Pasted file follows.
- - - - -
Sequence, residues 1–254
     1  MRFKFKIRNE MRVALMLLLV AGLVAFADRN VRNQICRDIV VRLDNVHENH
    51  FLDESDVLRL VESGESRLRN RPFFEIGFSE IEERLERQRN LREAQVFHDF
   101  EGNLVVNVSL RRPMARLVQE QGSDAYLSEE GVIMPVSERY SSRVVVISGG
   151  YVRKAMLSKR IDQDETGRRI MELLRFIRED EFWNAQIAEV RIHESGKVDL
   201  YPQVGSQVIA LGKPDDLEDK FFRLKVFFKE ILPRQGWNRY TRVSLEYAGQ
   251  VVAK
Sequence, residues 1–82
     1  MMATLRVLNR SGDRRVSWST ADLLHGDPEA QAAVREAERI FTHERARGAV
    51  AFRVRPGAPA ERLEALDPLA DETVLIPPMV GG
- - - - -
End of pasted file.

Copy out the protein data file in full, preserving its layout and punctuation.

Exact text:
Sequence, residues 1–254
     1  MRFKFKIRNE MRVALMLLLV AGLVAFADRN VRNQICRDIV VRLDNVHENH
    51  FLDESDVLRL VESGESRLRN RPFFEIGFSE IEERLERQRN LREAQVFHDF
   101  EGNLVVNVSL RRPMARLVQE QGSDAYLSEE GVIMPVSERY SSRVVVISGG
   151  YVRKAMLSKR IDQDETGRRI MELLRFIRED EFWNAQIAEV RIHESGKVDL
   201  YPQVGSQVIA LGKPDDLEDK FFRLKVFFKE ILPRQGWNRY TRVSLEYAGQ
   251  VVAK
Sequence, residues 1–82
     1  MMATLRVLNR SGDRRVSWST ADLLHGDPEA QAAVREAERI FTHERARGAV
    51  AFRVRPGAPA ERLEALDPLA DETVLIPPMV GG